23 May 2018

DNA Standards - Pedigree Analysis (Tree Analysis)

20 June 2018: Updated to link to new page for the survey on BCG website.

This is part of a series on Genealogy Standards for using DNA. This series represents the opinions and interpretation of the proposed standards by this author and does not necessarily reflect BCG’s official position. The proposed standards are not being addressed in numerical order, but all articles will be linked. For other parts in the series see

You can participate in a survey and provide your opinion on the Proposed DNA Standards through a Google Docs survey linked from https://bcgcertification.org/proposed-dna-standards-for-public-comment/. Please leave comments by 23 July 2018 explaining your agreement or disagreement with the proposed standards. Comments will be used to modify the standards as needed before acceptance and publication.

Proposed new DNA standard (proposed standard numbers may change before acceptance and publication) #3 is:

What does this all mean? Standards are written formally and most of us understand informal language better. Breaking down each segment makes the meaning more clear.

The first thing many researchers who share DNA do is compare pedigrees (family trees) or surname lists looking for a common ancestor (or an ancestral couple; the term common ancestor will be used for simplicity even when an ancestral couple may be the source of a DNA segment). The first common surname, person, or couple found is often assumed to be the source of the shared DNA segments. That assumption may be right or wrong. More evidence is needed to determine which is more likely.

Genealogists must also consider that two test takers who share DNA may not have inherited all of that DNA from one common ancestral couple. If two test takers are related in more than one way (such as through pedigree collapse or endogamy) this can be difficult to determine except with thorough research and correlation of the DNA and documentary evidence.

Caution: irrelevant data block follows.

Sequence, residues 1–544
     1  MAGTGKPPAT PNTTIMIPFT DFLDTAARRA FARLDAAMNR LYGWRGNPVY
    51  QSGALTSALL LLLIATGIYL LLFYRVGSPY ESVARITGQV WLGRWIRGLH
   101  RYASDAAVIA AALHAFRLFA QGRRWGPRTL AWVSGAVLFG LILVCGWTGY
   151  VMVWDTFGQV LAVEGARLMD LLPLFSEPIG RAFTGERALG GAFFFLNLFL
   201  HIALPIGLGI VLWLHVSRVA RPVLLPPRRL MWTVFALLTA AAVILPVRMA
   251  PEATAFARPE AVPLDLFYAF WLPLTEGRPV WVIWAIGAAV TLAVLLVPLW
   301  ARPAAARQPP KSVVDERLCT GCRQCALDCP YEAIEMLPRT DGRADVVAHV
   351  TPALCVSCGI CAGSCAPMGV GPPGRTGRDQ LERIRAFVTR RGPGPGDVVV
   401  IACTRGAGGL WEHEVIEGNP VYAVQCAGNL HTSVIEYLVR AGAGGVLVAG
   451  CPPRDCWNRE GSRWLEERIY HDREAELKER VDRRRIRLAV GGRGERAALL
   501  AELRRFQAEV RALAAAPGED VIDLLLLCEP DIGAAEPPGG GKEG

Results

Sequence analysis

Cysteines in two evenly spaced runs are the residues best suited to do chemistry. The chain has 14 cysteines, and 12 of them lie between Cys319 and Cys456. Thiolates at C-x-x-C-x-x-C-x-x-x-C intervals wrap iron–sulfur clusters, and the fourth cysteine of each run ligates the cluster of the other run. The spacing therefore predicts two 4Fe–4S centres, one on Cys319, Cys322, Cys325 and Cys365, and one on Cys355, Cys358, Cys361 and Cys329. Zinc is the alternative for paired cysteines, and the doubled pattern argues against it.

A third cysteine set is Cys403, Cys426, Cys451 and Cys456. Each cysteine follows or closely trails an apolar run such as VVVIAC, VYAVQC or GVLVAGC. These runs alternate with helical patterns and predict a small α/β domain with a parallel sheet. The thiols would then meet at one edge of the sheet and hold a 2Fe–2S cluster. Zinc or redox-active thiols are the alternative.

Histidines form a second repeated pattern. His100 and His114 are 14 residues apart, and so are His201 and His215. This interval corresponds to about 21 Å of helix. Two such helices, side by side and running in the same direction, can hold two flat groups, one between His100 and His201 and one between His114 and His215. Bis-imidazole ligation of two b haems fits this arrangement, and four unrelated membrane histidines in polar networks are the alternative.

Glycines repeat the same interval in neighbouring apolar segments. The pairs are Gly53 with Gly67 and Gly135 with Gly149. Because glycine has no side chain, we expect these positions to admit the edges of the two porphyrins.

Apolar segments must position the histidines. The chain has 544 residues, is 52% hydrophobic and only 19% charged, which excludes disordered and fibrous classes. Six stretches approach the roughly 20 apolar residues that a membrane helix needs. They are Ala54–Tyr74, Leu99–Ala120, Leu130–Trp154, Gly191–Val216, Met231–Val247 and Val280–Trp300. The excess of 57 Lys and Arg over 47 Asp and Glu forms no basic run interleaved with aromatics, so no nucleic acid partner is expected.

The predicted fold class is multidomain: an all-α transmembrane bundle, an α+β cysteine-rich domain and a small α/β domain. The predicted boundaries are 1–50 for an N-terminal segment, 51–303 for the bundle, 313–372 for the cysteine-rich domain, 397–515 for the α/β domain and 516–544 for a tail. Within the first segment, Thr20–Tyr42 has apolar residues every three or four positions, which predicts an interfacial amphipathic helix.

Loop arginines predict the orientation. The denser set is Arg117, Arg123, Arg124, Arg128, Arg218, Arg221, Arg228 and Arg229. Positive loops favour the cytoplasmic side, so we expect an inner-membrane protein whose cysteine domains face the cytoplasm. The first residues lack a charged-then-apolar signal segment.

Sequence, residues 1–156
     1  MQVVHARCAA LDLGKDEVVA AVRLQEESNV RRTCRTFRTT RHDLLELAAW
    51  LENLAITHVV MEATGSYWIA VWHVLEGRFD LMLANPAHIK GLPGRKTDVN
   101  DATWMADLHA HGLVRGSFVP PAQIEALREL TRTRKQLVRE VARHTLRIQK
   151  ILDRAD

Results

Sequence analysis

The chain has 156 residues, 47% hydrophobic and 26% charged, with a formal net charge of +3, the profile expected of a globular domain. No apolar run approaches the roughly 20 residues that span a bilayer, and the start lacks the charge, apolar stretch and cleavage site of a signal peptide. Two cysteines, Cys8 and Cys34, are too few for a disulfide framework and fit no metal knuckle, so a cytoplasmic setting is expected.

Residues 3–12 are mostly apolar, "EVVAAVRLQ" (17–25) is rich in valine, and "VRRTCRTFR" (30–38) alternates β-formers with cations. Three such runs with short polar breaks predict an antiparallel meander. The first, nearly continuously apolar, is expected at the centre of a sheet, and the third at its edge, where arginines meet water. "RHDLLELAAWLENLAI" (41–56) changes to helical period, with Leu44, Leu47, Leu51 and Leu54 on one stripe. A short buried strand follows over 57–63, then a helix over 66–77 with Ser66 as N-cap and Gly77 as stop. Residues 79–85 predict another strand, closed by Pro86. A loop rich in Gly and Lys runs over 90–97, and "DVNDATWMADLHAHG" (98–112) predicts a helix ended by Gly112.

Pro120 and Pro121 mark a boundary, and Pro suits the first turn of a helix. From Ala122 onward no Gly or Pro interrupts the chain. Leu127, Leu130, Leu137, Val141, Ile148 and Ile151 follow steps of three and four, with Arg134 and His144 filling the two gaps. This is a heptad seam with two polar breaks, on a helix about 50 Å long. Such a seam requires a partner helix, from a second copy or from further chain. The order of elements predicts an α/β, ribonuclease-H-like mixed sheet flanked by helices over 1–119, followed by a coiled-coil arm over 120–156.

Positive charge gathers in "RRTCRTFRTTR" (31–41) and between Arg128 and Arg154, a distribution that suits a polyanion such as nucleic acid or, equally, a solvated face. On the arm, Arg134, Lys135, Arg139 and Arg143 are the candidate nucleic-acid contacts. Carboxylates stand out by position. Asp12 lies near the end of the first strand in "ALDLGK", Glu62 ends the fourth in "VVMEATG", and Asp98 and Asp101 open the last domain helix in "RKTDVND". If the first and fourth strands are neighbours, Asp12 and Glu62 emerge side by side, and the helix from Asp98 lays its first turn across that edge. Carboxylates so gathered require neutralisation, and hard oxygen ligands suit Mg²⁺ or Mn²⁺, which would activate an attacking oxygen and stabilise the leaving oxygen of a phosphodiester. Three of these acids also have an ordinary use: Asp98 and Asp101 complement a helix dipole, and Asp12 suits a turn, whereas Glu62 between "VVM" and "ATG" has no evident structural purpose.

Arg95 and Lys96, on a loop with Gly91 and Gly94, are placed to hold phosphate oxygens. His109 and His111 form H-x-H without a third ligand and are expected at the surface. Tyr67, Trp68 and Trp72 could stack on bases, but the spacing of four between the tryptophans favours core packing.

© 2018, Debbie Parker Wayne

When analyzing pedigrees there are three critical concepts. Some common things to review when analyzing pedigrees are listed here.

  1. Accuracy of the pedigree: a pedigree either has the correct ancestors linked for each generation or it does not. If the pedigree of any DNA test-taker under analysis is inaccurate then the common ancestors may never be identified.

    Accurate pedigrees are the result of research that meets the Genealogical Proof Standard (See "Useful References" below; the GPS summarized and paraphrased is): A focused research question, thorough research, correctly cited sources, thorough and competent analysis and correlation of all evidence that is pertinent to the question, resolution of any conflicting evidence, and a sound written conclusion).

    Researchers can analyze the accuracy of pedigrees by confirming the consistency of assertions (no children born when a parent would be too young, too old, deceased for more than nine months, in a different location at the time of conception, etc.) and that the most credible sources support each assertion.

    See “Accuracy” at the bottom left of the pedigree image.

  2. Depth of the pedigree: ideally, each DNA test taker’s pedigree chart should be complete back to the level of the hypothesized common ancestor, and preferably a few generations further back. If two DNA test takers are predicted to be third cousins, then both pedigrees should be complete at least back to the second-great-grandparents (the hypothesized common ancestral level). An extra generation or three in each tree helps if the test takers inherited more than the statistical average amount of DNA; in that case they may actually be fourth or fifth cousins instead of the predicted third cousins.

    See “Depth” at the top left of the image. In this example, all names are complete up to the great-grandparent level that would be shared with second cousins. However, all of the missing information on the birth, marriage, and death of many of these ancestors indicates this tree is not deep enough or verifiably accurate enough even at this level.